I’ve looked at five options that are all great, but there isn’t one that covers everything I’m looking for :

  • GRASSGRASS – an established and powerful GIS. Setting up the environment for working with files takes some getting used to (you can’t simply open a window and start adding files), and the native graphic interface is complex. GRASS only works with it’s own native file formats, so you have to import everything into that format first. GRASS was really designed for analysis and modeling (tasks for which it excels), but is not the best choice for basic thematic mapping, or for novices.
  • QGISQGIS – one of the strongest attributes of QGIS is that it harnesses the power of GRASS in a more user friendly environment. If you use the GRASS plug-in and work with GRASS datasets, you can do table joins and have access to several classification methods. If you use QGIS on it’s own (working with shapefiles or raster images), you won’t have these capabilities. It seems that projection transformations are limited to a certain subset of projections, and common global thematic map projections like Robisnon or Winkel Tripel are missing (you would have to create them manually). QGIS does have a print layout screen bu color schemes are limited, and labeling isn’t good – it automatically labels every single polygon in a multi-part layer, and the only way to turn it off is via a hack. QGIS is a great viewer (particularly for rasters) and is a good alternative GRASS front end, but probably won’t be your choice for making high-quality thematic maps.
  • gvSIGgvSIG – billed as an alternative to the old ArcView 3.x, gvSIG lives up to this reputation. A map project has separate, defined areas for data views, maps, and data tables. You can do projection transformations and it does support EPSG and ESRI, but the process is a little confusing. The map window has a default projection, but when you add a layer it uses the layer’s projection but keeps the windows projection, and it’s difficult to figure out what projection the layer is in (if this makes any sense!) You can do table joins, and there is a good selection of color schemes for classification and several classification methods. It is the only one that I’ve seen that has natural breaks as an option. It also has the best map layout compared to the other software I’ve looked at and you can export maps out to a number of formats. The biggest weakness is labeling, which is very rudimentary. It doesn’t place labels in the center of polygons, but offsets them slightly (appropriate for points but not polygons), and has no conflict detection. It does allow you to create annotation layers, and improvements are in the works for the next version. Since the software was created in Spain, you’ll occasionally find a menu here or a button there that was missed in translation to English.
  • udiguDIG – the windows and toolbars are not as GIS-like as the other software options, which makes findings things a little tougher. Udig has good projection transformation support, great selection of color schemes for symbolization, and excellent label placement (the best, by far), with conflict detection and different placement options. Like QGIS, the map layout screen is located under the print option. The templates are rudimentary but are easy to use and get the job done. The detractors here are data classification (natural breaks is not a choice) and table joins – there is no option for adding and joining attribute tables to spatial files whatsoever.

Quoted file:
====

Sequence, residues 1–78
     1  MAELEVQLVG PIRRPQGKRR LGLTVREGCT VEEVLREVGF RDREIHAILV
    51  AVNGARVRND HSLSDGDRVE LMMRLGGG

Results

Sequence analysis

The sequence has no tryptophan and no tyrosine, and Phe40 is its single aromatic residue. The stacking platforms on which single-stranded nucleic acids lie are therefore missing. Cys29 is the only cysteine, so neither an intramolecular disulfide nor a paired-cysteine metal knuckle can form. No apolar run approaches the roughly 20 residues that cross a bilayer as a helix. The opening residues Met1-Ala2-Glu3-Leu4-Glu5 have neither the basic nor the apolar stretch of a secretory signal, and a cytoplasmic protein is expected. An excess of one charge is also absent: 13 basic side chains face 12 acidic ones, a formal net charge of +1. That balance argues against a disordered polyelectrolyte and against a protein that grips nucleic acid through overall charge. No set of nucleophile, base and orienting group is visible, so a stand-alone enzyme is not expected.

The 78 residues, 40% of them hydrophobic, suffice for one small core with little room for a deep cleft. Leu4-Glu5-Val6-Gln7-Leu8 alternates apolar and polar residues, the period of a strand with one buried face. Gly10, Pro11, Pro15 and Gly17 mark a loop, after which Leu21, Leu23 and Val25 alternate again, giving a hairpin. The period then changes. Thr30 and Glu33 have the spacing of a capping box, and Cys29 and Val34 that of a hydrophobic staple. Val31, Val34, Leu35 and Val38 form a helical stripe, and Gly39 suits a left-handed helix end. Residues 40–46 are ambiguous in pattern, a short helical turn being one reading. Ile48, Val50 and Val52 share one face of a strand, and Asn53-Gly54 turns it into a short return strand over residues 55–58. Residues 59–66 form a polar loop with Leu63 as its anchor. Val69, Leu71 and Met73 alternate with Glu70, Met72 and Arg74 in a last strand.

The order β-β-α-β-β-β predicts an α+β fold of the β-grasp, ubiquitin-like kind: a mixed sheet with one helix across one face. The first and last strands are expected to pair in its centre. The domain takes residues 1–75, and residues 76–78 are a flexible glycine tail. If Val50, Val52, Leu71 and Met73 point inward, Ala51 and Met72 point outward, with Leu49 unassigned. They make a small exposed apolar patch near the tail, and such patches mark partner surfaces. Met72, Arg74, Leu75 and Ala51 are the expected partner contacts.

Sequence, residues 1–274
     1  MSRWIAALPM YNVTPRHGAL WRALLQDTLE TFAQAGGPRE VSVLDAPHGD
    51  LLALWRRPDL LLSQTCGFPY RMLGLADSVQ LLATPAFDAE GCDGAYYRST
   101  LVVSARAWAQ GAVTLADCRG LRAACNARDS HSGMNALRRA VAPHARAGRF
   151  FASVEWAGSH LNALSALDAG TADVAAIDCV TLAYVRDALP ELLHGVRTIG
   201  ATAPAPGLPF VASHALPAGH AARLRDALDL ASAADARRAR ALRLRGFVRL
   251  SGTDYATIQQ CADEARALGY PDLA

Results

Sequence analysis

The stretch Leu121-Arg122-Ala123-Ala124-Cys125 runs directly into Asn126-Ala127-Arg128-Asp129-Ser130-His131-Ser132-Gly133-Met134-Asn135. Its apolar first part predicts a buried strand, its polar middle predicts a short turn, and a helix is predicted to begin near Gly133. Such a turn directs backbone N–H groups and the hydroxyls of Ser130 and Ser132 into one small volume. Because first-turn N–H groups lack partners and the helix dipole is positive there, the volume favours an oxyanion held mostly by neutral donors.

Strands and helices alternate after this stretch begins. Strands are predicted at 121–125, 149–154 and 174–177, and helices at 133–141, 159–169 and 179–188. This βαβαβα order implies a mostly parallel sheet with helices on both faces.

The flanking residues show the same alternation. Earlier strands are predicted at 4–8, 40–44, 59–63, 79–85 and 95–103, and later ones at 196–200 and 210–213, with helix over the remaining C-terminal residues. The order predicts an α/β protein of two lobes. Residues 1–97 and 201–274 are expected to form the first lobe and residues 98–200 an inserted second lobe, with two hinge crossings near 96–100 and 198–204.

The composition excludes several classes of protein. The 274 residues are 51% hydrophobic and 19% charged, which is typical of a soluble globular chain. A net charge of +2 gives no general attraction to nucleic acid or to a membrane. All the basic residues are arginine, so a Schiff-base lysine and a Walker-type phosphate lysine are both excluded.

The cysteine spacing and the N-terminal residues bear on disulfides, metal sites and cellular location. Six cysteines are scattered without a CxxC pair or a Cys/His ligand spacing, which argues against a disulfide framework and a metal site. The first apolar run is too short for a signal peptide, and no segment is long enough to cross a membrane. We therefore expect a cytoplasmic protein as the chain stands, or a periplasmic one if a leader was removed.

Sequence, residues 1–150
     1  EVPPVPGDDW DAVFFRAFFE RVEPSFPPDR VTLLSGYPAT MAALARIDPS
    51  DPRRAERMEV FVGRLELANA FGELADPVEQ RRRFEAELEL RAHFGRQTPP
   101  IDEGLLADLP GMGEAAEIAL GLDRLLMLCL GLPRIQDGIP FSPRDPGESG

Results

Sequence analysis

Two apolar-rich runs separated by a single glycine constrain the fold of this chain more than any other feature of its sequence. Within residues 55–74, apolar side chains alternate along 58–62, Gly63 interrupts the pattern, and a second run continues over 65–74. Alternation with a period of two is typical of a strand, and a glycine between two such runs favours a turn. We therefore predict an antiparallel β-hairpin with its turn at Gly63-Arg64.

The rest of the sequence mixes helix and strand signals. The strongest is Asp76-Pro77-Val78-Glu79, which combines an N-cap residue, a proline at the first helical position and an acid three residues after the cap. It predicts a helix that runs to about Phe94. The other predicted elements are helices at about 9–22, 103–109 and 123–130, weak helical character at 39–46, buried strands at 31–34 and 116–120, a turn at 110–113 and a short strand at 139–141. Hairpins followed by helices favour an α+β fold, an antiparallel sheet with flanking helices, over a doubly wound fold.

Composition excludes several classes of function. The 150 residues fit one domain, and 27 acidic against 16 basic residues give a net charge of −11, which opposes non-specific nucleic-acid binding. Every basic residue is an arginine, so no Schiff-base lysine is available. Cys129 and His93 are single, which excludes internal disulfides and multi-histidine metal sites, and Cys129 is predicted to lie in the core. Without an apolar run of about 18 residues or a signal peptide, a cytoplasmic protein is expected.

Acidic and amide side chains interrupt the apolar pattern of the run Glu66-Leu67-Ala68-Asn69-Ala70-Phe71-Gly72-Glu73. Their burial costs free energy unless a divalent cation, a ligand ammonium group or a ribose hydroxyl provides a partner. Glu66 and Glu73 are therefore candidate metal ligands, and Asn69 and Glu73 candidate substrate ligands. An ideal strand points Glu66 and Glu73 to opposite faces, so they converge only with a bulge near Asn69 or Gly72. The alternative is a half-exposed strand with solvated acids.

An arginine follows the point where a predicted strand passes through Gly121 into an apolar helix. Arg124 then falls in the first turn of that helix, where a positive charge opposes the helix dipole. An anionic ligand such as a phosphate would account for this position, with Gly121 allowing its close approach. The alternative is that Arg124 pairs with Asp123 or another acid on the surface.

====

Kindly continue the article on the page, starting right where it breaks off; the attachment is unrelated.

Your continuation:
• openJUMPOpenJUMP – has a great interface, particularly for working with attribute tables, good selection of color schemes for symbolization and good label placement features. Table joins are supported for text files (no DBFs). Equal Intervals is the only data classification method available (no natural breaks), and projection transformation is only available via a plug-in. The bigger issue is that there is no print option or map layout. These are available through a plugin as well, but I haven’t tried installing it yet. Plugin installation requires altering or over-writing some of the program files, and I was dubious to try.

There are always work-arounds to fill in the features that are missing. For file and projection transformations, you can always use the GDAL / OGR tools, which I would recommend (although annoyingly I can’t seem to get the projection transformations to Robinson or Winkel to work). The NCEAS at UC Santa Barbara has a nice wiki with examples of commands. Table joins can be accomplished outside the GIS using a database package. You could use a spreadsheet or stats package to figure out break points for data, and change the breaks manually in the GIS. For labels, you can export labels out as annotation, or you can convert polygons to points and use the points layer as a label layer (just make the points invisible but turn the labeling on). Then you can edit that file and move the labels around to get them in the right position. If you make lots of thematic maps for the same area, you can use the same label file over and over again.

This isn’t an exhaustive overview and I haven’t created a consistent procedure for testing all the options. There are a few other elements that I would also want to explore (How good is the support for legends? Can you normalize data or calculate new attribute fields? Can you add a graticule? Change the background color for a view? Convert a table of XY coordinates to a point layer? Is there a geoprocessing tool for generalizing layers?)

If pressed, which option would I choose? I’m inclined to go with gvSIG, which really reminds me of the old ArcView, and would hope that label placement improves with the next version – each of these software packages are constantly improving works in progress. Perhaps it’s best to regard these software options as different tools in one toolbox. If I need to make a thematic map of the world, showing population by country with only a few labels, then I’ll go with gvSIG, where I can easily do table joins, use natural breaks, and have lots of colors at my disposal. If I need to make basic reference maps, say ZIP codes of the NYC metro area, then I’ll go with uDig, as I’ll be able to quickly label them all and still have good color scheme choices. If I need to do geoprocessing or analysis, I’ll also have to evaluate the options – maybe look at plugins, or hunker down and learn GRASS.

In the end, I’m certainly grateful that there are solid, open, and free choices out there and that people are freely giving their time and talent to everyone’s benefit. Why consider these alternatives? I’ll cover that in my next post.